This is a slight dramatization. Any likeness of any person hopefully alive is not coincidental you should be happy you have the pleasure of knowing them.
Day 1: We decide to do the initial trip by vehicle as amphibious plane was deemed too expensive for the short 2 hour trip to the vast wilderness of Pymatuning. On arrival we were observed other travelers had already assembled into their social groups and were chatting away while the greeting natives were quite hospitable.
Day 2: We integrated with the groups surprisingly well, laughing in great bouts over all of our past travels. The bunk houses were very lush for such a remote location, even featuring indoor latrines and running water! Our wilderness guide Dr. Townsend was very skilled and prepared us well before our journey deep into the old growth forest.
Week 1: So much was learned about the ecosystems of the area and the plants animals and fungi that inhabit it. We are beginning to form ideas for our groundbreaking research of the many mysteries of these Western Pennsylvania woods. I trudged up the middle of a creek taking GPS data climbing over and under fallen trees and through thick bush in the misty understory. Ended that day soaked from head to toe breathing heavy but with a smile. I was enveloped in all of the great things that can be done as a biologist.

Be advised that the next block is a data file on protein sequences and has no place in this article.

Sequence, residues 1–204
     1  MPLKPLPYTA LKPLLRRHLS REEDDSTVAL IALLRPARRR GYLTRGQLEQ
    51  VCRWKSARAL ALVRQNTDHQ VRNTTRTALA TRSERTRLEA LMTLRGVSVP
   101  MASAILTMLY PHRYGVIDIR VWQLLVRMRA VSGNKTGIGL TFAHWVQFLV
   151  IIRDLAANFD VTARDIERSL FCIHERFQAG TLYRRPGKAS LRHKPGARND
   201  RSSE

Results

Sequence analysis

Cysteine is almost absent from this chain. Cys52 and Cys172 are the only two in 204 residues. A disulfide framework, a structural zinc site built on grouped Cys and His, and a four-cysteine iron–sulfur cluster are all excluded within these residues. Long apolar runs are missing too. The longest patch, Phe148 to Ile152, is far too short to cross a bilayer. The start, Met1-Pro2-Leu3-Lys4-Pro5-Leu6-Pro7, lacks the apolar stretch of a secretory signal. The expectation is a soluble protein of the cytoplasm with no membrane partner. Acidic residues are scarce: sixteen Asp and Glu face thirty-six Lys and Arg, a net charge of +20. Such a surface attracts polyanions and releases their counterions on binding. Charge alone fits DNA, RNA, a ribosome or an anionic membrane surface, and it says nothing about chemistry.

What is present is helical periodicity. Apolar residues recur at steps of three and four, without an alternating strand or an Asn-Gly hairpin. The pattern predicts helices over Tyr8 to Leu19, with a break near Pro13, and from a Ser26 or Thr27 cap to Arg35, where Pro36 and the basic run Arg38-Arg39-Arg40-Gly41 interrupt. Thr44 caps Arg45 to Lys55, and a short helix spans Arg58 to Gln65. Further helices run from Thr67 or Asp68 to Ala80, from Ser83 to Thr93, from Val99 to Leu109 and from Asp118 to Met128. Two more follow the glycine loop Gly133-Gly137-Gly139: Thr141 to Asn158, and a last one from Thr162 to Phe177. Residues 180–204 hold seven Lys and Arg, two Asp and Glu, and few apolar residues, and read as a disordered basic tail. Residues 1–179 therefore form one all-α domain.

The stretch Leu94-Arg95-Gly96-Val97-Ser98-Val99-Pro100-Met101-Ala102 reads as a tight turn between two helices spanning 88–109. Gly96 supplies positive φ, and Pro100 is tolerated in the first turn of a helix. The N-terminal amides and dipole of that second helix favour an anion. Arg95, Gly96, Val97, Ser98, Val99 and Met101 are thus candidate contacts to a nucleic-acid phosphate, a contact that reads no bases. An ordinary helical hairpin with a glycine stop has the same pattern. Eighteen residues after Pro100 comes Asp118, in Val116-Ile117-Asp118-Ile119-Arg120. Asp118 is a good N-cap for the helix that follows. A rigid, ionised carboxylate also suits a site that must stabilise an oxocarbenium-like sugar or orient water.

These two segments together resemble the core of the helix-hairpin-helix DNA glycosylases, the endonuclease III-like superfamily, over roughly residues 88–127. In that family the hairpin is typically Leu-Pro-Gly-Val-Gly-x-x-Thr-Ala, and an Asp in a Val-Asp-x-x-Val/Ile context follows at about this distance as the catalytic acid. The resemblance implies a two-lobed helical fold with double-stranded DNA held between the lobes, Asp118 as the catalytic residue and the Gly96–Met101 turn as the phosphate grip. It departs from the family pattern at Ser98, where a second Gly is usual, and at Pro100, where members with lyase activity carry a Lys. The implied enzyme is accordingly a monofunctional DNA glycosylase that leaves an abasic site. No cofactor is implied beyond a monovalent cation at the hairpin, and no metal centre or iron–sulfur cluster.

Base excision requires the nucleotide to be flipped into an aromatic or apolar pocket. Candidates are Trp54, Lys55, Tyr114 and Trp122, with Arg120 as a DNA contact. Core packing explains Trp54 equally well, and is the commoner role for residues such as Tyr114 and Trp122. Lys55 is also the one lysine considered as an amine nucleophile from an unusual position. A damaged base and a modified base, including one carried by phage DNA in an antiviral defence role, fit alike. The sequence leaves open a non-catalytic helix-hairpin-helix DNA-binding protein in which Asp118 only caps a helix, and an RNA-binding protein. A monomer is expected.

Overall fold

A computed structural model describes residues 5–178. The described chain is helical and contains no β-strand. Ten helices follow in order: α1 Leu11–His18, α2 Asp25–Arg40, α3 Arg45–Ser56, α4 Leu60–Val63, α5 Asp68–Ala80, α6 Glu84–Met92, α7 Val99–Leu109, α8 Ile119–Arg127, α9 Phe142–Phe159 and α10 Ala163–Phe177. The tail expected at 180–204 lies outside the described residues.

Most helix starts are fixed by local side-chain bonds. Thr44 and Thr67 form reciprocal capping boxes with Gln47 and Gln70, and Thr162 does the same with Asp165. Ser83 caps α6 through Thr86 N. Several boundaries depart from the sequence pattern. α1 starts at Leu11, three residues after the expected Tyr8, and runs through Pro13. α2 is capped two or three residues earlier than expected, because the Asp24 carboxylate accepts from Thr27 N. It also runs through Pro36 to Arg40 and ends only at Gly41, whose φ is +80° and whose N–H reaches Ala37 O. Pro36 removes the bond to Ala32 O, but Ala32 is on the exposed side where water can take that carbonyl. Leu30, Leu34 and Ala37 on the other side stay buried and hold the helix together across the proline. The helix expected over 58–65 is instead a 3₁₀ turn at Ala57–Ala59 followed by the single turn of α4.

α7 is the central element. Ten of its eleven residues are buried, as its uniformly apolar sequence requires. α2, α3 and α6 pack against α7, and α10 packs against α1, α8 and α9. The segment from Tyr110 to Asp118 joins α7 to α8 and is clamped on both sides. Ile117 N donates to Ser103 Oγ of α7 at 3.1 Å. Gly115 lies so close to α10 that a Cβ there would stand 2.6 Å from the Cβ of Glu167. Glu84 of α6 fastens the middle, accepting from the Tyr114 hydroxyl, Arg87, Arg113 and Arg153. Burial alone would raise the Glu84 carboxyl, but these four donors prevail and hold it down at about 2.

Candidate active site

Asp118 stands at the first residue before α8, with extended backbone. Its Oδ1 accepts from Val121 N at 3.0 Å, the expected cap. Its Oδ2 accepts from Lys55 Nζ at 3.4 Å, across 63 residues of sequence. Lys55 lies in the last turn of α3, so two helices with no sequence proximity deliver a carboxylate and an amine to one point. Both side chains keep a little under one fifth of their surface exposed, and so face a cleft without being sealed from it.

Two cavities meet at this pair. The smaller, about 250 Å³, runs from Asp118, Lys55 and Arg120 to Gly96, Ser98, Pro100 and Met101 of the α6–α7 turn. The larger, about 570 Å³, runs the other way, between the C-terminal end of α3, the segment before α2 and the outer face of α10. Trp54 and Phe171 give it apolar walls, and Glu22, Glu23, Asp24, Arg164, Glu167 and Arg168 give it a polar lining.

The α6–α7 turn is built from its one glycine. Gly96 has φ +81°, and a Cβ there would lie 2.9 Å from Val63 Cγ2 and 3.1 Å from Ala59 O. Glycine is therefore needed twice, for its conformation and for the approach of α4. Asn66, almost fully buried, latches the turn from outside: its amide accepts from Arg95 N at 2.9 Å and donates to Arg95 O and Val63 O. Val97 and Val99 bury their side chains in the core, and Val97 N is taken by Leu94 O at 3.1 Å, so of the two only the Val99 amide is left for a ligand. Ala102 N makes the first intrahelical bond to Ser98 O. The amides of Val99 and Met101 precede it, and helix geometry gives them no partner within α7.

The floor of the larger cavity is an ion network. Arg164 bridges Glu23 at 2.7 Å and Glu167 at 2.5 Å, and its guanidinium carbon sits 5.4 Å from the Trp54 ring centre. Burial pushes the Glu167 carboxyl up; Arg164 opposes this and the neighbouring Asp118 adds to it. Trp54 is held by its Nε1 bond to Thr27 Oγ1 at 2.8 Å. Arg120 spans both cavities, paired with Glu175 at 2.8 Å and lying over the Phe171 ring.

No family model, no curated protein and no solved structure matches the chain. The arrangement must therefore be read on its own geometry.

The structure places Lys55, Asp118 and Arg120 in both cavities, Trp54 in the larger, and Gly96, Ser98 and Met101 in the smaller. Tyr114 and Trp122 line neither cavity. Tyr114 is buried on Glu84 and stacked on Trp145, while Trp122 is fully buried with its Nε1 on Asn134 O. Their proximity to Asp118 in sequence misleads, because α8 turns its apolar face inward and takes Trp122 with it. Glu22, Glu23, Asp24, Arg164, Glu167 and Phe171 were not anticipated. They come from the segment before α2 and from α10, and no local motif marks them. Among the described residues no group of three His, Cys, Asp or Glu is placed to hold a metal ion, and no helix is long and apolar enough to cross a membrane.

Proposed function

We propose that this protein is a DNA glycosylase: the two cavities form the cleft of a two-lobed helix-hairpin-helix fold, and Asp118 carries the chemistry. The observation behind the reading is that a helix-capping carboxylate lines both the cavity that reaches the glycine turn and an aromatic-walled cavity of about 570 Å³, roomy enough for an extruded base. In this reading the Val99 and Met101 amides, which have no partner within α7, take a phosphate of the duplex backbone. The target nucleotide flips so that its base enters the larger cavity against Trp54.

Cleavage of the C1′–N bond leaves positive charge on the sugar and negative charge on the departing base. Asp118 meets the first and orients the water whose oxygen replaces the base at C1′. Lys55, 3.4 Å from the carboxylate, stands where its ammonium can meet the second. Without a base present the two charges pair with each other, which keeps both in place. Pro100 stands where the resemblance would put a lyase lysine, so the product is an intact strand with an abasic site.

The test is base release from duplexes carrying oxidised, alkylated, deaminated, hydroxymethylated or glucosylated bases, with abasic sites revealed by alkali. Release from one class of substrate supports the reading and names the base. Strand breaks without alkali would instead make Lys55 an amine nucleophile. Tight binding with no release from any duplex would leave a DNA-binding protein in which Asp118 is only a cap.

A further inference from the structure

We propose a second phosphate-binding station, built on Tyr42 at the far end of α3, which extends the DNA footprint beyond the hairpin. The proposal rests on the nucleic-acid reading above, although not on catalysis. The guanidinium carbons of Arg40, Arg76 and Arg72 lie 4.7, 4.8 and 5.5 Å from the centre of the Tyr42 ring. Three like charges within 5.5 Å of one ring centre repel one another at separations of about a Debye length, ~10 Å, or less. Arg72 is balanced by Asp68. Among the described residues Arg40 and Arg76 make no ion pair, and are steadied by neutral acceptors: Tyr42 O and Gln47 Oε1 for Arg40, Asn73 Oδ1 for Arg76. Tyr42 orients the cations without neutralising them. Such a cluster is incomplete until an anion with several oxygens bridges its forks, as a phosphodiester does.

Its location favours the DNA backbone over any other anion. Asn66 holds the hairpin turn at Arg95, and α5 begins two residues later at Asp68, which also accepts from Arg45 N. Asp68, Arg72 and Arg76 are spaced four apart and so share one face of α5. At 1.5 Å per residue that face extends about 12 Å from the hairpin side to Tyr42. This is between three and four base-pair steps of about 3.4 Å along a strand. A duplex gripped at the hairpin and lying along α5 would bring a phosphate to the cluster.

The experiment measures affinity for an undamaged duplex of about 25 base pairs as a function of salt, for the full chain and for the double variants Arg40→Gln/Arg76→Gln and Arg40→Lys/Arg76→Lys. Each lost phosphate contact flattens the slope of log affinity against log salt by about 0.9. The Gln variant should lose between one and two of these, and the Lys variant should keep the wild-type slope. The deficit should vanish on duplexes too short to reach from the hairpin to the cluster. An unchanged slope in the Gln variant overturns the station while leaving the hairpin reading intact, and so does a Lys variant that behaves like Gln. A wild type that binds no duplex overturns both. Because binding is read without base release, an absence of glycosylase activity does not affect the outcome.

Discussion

Week 2: This second week in has gone by so quickly. The chow in the mess hall has kept my stomach full and happy. The wonderful woman in the kitchen even made me a cake for my birthday! Our research has begun and is going quite well, the wild salamanders and frogs are around every corner awaiting identification. Soils samples were taken to figure out what the soil that supports this varied life was made of. Dr Townsend even spotted the very rare forest woodchuck that could eat 361 cubic centimeters of wood a day, if woodchucks could chuck wood, that is.
To be Continued…